The Big Water box arrived well packed. Thermaltake has perfected their packaging for display in retail stores, and security during shipping which is most important protecting the contents within. The components came packed in thick Styrofoam, pre-formed to accommodate each part within.
I must admit I was surprised at the quality of the water block. Machined from 100% copper and to high standards its weight was significant at 453gr which should give it some unique properties. For example a block with this much material could potentially be affected by ambient case temperatures as much as the water flowing through it.
Thermaltake chose a very basic S
-type channel design approximately 8mm in width, and 7mm depth. I surmise the large channel is intended to perpetuate ease of flow. Most likely to accomodate the pump which only circulates water at 120LPH/31GPH, the mass of the block, width and depth of the channels, all suggest Thermaltake engineers mated this block carefully with their chosen pump.
The wire in the photo above originates from a blue LED mounted in the block's clear acrylic top-plate, which is a nice touch. The quick-connects included are preferable to barbs where the hose is forced over, and then clamped down. The base of the block wasn't lapped to what I'd call a highly polished finish, and there was a small anomaly on my sample, however; this was merely a discoloration, and most important the base plate was flat.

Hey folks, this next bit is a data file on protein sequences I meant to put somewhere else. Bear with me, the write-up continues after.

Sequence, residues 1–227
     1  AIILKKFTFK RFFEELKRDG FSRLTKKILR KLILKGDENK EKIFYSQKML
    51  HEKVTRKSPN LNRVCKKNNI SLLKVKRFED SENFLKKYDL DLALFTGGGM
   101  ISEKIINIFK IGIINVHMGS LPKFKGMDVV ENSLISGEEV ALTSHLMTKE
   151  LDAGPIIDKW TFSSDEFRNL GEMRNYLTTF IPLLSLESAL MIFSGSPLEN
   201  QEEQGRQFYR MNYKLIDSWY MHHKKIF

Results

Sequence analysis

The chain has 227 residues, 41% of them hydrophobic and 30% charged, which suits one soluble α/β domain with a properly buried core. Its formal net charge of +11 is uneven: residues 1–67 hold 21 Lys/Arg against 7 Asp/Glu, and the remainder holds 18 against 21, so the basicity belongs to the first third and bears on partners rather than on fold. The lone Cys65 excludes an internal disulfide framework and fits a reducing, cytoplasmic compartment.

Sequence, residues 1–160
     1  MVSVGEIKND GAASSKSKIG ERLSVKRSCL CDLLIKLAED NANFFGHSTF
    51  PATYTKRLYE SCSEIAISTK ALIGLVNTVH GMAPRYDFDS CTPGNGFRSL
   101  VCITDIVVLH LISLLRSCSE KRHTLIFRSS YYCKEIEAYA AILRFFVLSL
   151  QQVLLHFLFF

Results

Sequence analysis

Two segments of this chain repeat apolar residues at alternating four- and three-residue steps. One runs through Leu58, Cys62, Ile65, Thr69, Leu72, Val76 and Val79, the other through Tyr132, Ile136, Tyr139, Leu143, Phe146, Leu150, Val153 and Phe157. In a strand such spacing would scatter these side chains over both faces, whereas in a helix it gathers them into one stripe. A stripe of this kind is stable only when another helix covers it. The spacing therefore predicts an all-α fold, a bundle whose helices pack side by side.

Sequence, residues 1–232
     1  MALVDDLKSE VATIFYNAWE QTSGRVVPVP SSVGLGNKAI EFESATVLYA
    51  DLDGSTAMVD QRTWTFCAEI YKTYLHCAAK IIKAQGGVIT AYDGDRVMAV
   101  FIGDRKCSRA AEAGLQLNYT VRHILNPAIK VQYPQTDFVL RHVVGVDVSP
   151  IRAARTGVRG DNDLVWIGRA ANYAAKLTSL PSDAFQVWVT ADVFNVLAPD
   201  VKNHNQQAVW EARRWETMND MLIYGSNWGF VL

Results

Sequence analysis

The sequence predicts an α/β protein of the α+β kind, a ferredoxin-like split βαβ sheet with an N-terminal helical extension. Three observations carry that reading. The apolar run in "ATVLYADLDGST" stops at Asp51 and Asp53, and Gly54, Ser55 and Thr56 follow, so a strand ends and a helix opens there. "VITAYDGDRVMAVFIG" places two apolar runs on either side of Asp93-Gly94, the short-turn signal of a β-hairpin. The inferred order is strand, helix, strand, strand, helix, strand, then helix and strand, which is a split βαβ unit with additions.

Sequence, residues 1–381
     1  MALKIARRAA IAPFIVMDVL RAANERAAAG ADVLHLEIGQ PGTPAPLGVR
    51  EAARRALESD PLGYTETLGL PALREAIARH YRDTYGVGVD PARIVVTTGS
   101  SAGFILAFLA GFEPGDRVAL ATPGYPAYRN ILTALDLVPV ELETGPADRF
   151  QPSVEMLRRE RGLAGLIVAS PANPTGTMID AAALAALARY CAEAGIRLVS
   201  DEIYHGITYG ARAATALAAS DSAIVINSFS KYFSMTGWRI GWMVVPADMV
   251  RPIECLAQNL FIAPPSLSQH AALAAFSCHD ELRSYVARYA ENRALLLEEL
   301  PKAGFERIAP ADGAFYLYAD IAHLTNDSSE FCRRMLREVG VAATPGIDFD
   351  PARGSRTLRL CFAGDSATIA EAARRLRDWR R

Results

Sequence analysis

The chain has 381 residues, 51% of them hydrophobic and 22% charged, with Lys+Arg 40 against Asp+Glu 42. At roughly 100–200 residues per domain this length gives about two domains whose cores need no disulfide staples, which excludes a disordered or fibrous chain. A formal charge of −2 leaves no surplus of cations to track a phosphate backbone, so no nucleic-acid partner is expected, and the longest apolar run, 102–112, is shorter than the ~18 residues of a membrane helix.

A water cooling system is symbiotic, and as such there's really no single component which takes precedence over another. If one were forced to choose, perhaps the radiator/fan combination is one of the most important elements. While the water block can be poorly designed, or the pump underpowered, if the radiator/fan combo is unable to remove heat from the water flowing through it, it's all moot. Thermaltake's included radiator is very high quality, and with an effectively designed 12cm, 38CFM~97CFM adjustable fan, versatile as well.
Big Water's supplied tubing is somewhat narrow at 5mm internal diameter. There's an ample amount of the green reactive tubing included with two 150cm sections. I believe it would have been better for the End-user had Thermaltake chose a more common 6mm standard (USA .236"), which may have increased flow and provided universal connectivity.
I was slightly perturbed by the pump which is underpowered at 120LPH/31GPH, and given the 5mm internal diameter of the tubing, exacerbated. Of the included components the pump concerned me most, even beyond the prima facia
flow rate issue.
I have one major concern for the Big Water system which is made more difficult by the pump's design (besides it being underpowered). Thermaltake's instructions fail to mention leak-testing (testing for leaks away from costly components), which requires a method for powering up DC-pumps outside of one's case. This is usually accomplished via an adapter, which basically "hot-wires" your PSU shorting pins 14/15 or 15/16 on the ATX connector. This adapter is included in kits from more astute H20-specific manufacturer's such as Alphacool
whom labels it a bridging plug
. Since Big Water's supplied 12V DC-pump draws its power from a three-pin fan header, one must have two adapters neither of which are provided, nor mentioned in the instruction booklet.
First, you will need a three/four-pin fan header to Molex adapter, and the bridging plug mentioned above. This allows you to power up the PSU without having to connect it through the motherboard and case. The bridging plug allows any DC-pump to be safely tested outside the case for potential leaks.